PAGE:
Hydrogen ‘Inevitable’ for Commercial Vehicles

With battery charging infrastructure still spotty and corporate carbon-reduction targets looming, the commercial-vehicle sector increases interest in low-carbon fuels.

Example layout of hydrogen storage tanks in a Class 8 tractor. (Faurecia)

With the perception of diesel engines as bad actors in the worldwide transportation-emissions crackdown, the commercial-vehicle sector is racing to identify and develop propulsion technologies that will simultaneously reduce its emissions “profile” and help OEMs and engine makers achieve new and ambitious carbon-reduction targets. Most industry players would like battery-electric propulsion to be the ultimate solution, but for now, many commercial-vehicle duty cycles and an unforming recharging infrastructure mean battery-electric propulsion for many types of medium- and heavy-duty vehicles isn’t a workable solution.

Cummins B6.7 engine is designed to be “fuel-agnostic,” which includes accommodating hydrogen. (Cummins)

New low-carbon fuels – and particularly hydrogen – are the answer until batteries and the charging infrastructure get better, concluded most panelists speaking in the “Heavy & Medium-Duty Technologies” panel session at SAE International’s 2024 Government/Industry Meeting in Washington, DC in January 2024. But even “clean” liquid fuels and hydrogen face steep adoption curves, a chief reason being their own nascent supply and refueling networks.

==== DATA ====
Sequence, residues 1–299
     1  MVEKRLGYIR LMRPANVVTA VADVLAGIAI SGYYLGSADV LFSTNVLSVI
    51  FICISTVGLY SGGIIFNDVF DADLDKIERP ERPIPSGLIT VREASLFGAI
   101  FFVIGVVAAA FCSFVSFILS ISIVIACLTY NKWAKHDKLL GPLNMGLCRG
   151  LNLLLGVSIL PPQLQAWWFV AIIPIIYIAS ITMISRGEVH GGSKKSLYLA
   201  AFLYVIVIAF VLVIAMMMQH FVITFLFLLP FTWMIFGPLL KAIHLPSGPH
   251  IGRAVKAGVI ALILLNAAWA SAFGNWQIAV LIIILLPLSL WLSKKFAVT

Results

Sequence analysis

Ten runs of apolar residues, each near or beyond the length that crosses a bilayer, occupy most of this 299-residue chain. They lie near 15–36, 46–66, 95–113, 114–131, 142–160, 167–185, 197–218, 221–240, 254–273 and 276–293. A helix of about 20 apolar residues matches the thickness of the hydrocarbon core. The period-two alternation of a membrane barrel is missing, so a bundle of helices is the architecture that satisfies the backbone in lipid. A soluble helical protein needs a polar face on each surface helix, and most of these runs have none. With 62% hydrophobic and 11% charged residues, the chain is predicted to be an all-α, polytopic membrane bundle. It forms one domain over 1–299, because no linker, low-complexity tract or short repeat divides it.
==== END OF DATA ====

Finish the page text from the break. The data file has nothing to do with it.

John Pendray, Cummins senior technical advisor – technology development. (SAE/Bill Visnic)

The industry’s OEMs and suppliers need propulsion technology that can “allow customers to succeed regardless of infrastructure status,” said John Pendray, Cummins senior technical advisor for technology development. He said the CV sector doesn’t want to wait a decade for battery EV maturity – “any fuel that anyone can bring to the table that’s low-carbon” is an actionable option, he claimed.

Low-carbon fuels and hydrogen, many panel speakers said, enable the use of existing internal-combustion engines that are capable of satisfying medium- and heavy-duty truck duty cycles – and ideally can be “drop-in” substitutes for diesel and gasoline, meaning the new fuels could use the existing universal refueling infrastructure. Hydrogen, meanwhile, can fuel either modified IC engines or fuel-cell electric trucks.

“Hydrogen is inevitable,” asserted Mohammad Fatouraie, director of system engineering in the Bosch Powertrain Solutions division. “Hydrogen is going to happen. But for it to become competitive is going to take a while.” A current problem for hydrogen, he said, is “having it available at a place that it’s needed for fleets.”

Holistic approach to hydrogen

Mohammad Fatouraie, director of system engineering, Bosch Powertrain Solutions division. (SAE/Bill Visnic)

“We need to think a little differently about the paradigm we design from,” Fatouraie added. He said that Bosch has developed a vehicle energy-management case study based on a fully

loaded medium-duty pickup truck. The goal is the same range and performance for a zero-emissions variant when compared to one with a conventional ICE powertrain.

The exercise, he said, is to force a process that embraces a holistic engineering approach rather than focusing on optimizing individual systems. The study intersects powertrain, thermal management and “powernet” – a link to ADAS (advanced driver-assistance systems) and infotainment systems – and at their intersection derives Vehicle Energy Management, or VEM.